What It’s Like Being a Woman in the Fifties with The Marvelous Mrs. Maisel’s Caroline Aaron


She has a starring role in the hit show The Marvelous Mrs. Maisel and she has more than 150 acting titles to her credit, among CSI, Ugly Betty, and Grey’s Anatomy, just to name a few.

Caroline Aaron has done it all in the acting scene and is now here to discuss her part of the Grammy Award winning show, The Marvelous Mrs. Maisel.

The Marvelous Mrs. Maisel” is about many things – standup comedy, living in NYC in the 1950s, Jewish family life, etc, but also tackles important issues such as women’s roles at the time, and LGBTQ and racial discrimination. Social justice is something deeply rooted in Aaron’s soul, having grown up Jewish in southern Richmond, Virgina.

Her late mother was prominent civil rights activist Nina Friedman Abady, a Selma, Alabama civil rights activist who walked with Martin Luther King Jr. and Aaron endured cross-burnings on her Virgina front lawn. Her mother, who worked full time to support three kids, is also her real-life inspiration for playing ‘Shirley Maisel’ who is also a liberated woman for the times and full partner in the family business.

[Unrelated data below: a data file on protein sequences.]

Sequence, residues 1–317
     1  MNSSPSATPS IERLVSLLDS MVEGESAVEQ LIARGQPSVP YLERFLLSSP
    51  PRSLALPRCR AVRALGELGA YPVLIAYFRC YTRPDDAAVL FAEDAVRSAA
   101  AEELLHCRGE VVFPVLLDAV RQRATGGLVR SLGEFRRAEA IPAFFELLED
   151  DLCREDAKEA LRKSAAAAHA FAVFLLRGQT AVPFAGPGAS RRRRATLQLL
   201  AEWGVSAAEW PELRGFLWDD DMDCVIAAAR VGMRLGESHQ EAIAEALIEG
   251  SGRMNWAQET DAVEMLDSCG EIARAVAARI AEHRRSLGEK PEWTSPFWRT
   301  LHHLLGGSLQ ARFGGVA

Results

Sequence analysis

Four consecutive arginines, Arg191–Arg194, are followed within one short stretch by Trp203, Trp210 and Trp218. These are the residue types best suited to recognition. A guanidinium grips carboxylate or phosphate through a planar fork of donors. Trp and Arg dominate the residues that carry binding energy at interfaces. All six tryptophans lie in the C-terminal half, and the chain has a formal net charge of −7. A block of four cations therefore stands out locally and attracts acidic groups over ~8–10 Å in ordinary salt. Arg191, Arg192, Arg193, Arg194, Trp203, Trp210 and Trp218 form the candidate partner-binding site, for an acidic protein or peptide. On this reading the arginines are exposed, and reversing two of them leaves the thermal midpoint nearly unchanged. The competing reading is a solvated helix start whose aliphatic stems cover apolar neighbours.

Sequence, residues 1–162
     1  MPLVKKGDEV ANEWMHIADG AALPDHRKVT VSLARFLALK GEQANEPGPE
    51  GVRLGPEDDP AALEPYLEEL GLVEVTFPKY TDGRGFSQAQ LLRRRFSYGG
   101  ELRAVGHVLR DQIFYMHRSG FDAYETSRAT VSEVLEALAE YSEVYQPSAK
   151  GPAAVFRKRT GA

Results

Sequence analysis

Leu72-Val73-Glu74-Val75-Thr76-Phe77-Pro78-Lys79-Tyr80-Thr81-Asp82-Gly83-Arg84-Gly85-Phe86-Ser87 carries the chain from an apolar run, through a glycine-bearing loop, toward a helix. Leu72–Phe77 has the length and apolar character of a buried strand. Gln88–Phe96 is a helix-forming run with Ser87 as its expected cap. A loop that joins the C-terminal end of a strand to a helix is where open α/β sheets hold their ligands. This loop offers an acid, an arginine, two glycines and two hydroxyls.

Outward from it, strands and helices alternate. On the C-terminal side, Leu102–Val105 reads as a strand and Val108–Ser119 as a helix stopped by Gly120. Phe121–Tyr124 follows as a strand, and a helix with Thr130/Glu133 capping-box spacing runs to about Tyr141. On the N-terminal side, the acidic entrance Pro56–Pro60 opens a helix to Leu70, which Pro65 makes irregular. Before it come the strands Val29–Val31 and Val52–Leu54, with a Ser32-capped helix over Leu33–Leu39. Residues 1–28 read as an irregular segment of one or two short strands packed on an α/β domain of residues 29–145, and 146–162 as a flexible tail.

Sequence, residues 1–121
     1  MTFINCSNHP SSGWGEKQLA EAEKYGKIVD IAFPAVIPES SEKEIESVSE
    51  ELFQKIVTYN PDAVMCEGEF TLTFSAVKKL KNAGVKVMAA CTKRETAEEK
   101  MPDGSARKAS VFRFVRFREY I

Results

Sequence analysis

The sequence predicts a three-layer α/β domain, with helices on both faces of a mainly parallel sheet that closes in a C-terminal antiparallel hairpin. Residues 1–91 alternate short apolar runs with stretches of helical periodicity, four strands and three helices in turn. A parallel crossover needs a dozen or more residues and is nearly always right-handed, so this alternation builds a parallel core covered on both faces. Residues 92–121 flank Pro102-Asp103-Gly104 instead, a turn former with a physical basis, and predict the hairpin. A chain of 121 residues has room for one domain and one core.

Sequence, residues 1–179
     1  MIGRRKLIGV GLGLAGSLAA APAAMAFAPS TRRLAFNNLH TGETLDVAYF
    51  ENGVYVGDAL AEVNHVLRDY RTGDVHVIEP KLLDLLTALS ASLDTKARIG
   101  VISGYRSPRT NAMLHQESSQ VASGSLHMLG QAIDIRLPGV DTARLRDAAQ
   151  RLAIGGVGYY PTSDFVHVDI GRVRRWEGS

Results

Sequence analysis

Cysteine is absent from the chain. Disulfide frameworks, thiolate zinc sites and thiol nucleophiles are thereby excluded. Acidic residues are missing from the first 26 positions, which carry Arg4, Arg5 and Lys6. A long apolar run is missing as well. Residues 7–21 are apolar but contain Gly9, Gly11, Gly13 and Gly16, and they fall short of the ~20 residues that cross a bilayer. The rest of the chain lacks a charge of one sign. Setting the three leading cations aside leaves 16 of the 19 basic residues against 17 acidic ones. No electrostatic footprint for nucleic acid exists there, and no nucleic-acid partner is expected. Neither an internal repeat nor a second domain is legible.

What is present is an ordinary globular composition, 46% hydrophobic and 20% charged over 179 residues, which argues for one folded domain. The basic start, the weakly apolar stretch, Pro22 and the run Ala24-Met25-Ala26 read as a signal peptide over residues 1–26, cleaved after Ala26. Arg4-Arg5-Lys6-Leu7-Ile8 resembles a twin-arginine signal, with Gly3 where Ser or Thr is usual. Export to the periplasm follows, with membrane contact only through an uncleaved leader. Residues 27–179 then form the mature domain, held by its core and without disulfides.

But being a woman in the fifties meant anything but being the character of Mrs. Maisel. Strong, independent, and marvelous are only a few of the words that describe the women on the show.

We got the chance to speak to Caroline about her role in the hit show, the big Emmy win and just how rare it was for women to be strong and independent, in that day and age.